Tag Archives: Center of Wrongful Convictions
Today I drove to Lafayette High School and watched a class participate in a video- conference- something I’ve only done over videoconference before. It was pretty cool- for a couple of reasons. It was neat to be in the room with the students, as they… kind of thawed out as the time progressed. They clearly weren’t sure what to make of the whole situation. However, they attentively listened to Rob Warden speak about wrongful convictions. Rob Warden is the Executive Director of the Center on Wrongful Convictions, out of Northwestern Law School. What Rob had to say was really fascinating. He talked about how and why people confess to crimes they didn’t commit- and how it happens more often than we’d like. (The students at Lafayette had recently read a book about a teenager falsely confessing to a crime he didn’t commit).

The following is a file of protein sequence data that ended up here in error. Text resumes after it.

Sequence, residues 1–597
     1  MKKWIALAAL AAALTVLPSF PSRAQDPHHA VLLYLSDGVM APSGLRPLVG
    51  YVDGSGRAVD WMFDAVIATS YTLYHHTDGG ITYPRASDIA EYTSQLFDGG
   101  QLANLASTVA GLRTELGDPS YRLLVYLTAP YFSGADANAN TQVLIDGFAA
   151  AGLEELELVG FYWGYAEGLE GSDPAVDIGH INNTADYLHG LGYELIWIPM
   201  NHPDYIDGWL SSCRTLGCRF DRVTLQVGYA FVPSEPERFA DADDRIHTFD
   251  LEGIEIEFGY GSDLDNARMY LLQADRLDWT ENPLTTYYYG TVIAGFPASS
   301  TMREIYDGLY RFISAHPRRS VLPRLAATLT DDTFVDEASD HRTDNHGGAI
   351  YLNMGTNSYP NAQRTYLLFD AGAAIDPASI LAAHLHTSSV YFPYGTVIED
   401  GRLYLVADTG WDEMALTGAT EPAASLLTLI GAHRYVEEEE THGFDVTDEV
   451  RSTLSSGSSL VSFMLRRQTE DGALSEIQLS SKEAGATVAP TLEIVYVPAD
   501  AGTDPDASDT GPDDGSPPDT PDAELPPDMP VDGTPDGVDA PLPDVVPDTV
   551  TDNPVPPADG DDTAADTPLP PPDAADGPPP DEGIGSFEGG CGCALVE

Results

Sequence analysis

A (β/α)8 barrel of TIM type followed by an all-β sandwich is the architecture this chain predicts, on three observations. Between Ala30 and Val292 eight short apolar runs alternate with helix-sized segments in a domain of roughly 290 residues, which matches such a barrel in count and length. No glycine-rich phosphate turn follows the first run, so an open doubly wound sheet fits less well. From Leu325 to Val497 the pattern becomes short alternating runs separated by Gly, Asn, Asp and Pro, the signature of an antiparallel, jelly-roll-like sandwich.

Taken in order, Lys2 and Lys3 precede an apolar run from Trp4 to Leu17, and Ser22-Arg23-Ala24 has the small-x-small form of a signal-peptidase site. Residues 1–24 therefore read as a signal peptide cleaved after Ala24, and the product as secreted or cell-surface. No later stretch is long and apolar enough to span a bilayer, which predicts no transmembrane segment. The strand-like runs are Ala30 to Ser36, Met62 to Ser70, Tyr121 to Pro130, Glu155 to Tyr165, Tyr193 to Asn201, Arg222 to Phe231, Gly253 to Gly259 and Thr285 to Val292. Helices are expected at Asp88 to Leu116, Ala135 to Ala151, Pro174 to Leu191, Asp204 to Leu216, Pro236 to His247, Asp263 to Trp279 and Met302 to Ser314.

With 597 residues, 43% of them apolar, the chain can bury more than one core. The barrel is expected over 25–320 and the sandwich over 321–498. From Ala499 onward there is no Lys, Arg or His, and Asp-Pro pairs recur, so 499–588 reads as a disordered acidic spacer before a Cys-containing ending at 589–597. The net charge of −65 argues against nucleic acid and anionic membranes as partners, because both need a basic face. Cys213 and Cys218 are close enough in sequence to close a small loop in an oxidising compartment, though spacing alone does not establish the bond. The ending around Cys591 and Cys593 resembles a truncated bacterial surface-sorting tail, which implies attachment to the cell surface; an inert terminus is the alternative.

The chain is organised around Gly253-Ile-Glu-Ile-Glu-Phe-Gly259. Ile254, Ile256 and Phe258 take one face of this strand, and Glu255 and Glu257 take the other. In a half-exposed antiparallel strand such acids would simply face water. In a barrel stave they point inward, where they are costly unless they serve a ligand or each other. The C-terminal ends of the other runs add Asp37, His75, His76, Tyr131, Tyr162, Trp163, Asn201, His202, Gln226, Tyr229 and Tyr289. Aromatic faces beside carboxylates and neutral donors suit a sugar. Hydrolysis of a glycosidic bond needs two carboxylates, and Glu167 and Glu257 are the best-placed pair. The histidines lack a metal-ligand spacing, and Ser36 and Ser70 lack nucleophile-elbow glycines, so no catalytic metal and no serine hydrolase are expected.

Rob Warden talked about the “blackout” method- where suspects are convinced (by law enforcement, during interrogation) that they must have blocked out the memory of committing the actual crime. Rob emphasized, too, that he didn’t think people went into law enforcement or criminal justice just to convict people of crimes they didn’t necessarily commit- he felt that sometimes law enforcement concentrates so hard on solving the crime, they can zero in on someone who seems to be a good suspect. They’ll ask the suspect to describe how (s)he would have committed the crime, which in turn can convince a suspect that (s)he really must have had a blackout about it. He also talked about how the mentally ill can fall victim to being falsely convicted of a crime, and how sometimes they come right out and confess to a crime they could not have possibly committed. Rob fielded questions from the students about being found not guilty vs. innocence; how the center originated and goes about helping those who contact it; and how the death penalty makes the need to right wrongful convictions all the more pressing. It was really very interesting.